[Tagging] Mapping curb (kerb) lines as the home of curb, parking, etc information

Nick Bolten nbolten at gmail.com
Tue Mar 5 22:58:47 UTC 2019


> Unlike associatedStreet, which contains all street ways sharing the same
name and can thus contain networks of essentially unbounded complexity,
these relations should probably only span the stretch between two
junctions, though.

Agreed. This was something I had in mind but forgot to say out loud. This
might also help with naming, as it is very similar to the idea of a "block
face". Drawing from that name as inspiration, a potential "blockFace"
relation could be either "left" or "right" and only have to deal with one
set of amenities at a time (on the left or right side of the street). This
would cut down on the amount of features one would have to reference in a
single relation.

Re: kerb lines: you're right about potential duplication of data, but
similar to the sidewalks situation, I'm firmly in the camp that this data
doesn't get mapped with much specificity without its own intuitive home for
detail. The coverage for barrier=kerb / kerb=* on roads is pretty scanty
and definitely doesn't describe the actual curb interfaces for even a
single small town. For example, kerb:right is used 300 times according to
TagInfo, whereas I just looked at mapping kerbs around one block and found
at least 25 kerb changes on kerb:right alone. This tells me that the kerb
tag, when applied to roads, has not been mapped very specifically. tl;dr: I
could beat that tag count in about 30 minutes *and* create a bunch of great
data for pedestrian modeling + parking if I felt confident in the tagging
schema.

Best,

Nick

On Tue, Mar 5, 2019 at 2:32 PM Tobias Knerr <osm at tobias-knerr.de> wrote:

> On 05.03.19 01:01, Nick Bolten wrote:
> > What would you think
> > of a new 'associatedStreet'-style relation that would organize the
> > various features that should be associated between streets and the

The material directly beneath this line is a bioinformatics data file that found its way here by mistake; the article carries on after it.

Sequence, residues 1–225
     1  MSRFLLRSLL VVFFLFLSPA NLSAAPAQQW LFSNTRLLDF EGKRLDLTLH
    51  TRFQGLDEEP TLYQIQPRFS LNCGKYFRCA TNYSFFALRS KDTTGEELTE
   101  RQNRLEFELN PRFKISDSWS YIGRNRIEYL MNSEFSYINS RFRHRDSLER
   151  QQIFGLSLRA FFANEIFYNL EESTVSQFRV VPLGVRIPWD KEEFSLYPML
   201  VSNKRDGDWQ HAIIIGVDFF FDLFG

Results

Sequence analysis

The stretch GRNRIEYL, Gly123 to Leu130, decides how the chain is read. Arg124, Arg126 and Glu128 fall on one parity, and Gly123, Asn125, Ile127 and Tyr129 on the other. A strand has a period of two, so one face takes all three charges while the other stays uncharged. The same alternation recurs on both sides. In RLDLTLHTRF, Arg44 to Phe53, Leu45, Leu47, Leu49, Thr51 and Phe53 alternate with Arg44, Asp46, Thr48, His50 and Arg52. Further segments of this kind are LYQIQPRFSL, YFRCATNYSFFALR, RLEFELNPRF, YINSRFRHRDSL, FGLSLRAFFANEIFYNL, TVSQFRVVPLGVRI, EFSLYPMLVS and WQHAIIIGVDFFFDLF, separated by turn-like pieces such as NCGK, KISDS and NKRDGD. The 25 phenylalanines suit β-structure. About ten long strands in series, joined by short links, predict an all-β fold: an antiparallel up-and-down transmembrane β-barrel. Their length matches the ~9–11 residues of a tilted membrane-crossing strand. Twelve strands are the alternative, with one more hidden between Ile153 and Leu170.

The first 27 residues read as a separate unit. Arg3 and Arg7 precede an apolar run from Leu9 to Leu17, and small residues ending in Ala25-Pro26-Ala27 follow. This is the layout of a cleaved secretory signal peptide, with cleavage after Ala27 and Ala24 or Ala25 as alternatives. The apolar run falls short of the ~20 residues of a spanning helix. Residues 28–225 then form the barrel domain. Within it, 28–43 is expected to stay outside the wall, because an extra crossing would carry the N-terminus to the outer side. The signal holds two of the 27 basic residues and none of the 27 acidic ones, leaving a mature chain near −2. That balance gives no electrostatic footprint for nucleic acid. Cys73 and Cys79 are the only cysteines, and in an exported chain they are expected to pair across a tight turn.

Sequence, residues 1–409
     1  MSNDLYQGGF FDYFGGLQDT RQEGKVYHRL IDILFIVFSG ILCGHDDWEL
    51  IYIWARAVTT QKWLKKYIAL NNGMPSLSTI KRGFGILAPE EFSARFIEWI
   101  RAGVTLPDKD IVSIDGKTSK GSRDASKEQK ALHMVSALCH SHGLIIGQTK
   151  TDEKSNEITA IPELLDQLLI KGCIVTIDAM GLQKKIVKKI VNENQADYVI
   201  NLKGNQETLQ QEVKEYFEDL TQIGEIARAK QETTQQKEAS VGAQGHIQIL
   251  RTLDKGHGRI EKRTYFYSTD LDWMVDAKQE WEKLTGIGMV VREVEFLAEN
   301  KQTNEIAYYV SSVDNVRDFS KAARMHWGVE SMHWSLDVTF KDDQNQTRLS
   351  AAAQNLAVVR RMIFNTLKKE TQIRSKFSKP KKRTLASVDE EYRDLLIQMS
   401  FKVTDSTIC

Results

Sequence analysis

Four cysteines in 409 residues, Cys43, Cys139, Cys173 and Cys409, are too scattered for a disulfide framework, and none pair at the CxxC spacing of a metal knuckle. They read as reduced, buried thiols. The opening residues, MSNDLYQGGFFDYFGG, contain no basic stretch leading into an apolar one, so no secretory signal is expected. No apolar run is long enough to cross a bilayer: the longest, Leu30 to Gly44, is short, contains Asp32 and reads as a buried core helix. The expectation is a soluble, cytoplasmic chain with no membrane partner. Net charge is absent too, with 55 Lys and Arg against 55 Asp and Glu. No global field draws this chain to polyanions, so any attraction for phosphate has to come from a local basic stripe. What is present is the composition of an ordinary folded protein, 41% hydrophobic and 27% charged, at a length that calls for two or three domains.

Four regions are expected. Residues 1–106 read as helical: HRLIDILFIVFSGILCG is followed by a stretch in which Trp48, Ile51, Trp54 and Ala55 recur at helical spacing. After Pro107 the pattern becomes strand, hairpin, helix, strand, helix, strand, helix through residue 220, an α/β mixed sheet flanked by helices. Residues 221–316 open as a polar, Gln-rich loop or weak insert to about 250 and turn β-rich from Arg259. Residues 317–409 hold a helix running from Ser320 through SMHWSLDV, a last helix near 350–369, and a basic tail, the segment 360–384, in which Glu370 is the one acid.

> > surrounding environment?
>
> That approach could work, yes – and it's one of the few practical
> options I can think of at the moment. (The other would be drawing an
> area:highway polygon around all the individual ways.)
>
> Unlike associatedStreet, which contains all street ways sharing the same
> name and can thus contain networks of essentially unbounded complexity,
> these relations should probably only span the stretch between two
> junctions, though.
>
> While I would want to cobble together a proof of concept implementation
> to be sure that I'm not overlooking anything, such a relation would
> probably to solve the issue from a data consumer point of view. Of
> course, it would have to actually be used by mappers to be helpful.
>
> > Just to clarify, the road can keep all of its same data as is currently
> > mapped. This would be an additional piece of information that tends to
> > go unmapped.
>
> In theory, the two approaches could peacefully coexist as long as tags
> for kerbs, parking:lane etc. on the street ways themselves (and
> highway=crossing nodes) remained available after drawing the separate
> ways – at the cost of duplication and therefore additional maintenance.
>
> There are some hurdles, though. Even mapping just sidewalks as a
> separate way tends to break stuff. For example, people understandably
> connect incoming footways only to the sidewalk way, not to the street
> way. So an application that filters out these separate ways, hoping to
> instead rely on tags on the street way, will find itself with missing
> connections to the pedestrian network.
>
> Of course, connecting the sidewalk to the highway with a relation would
> likely offer a solution to that issue, too.
>
> Tobias
>
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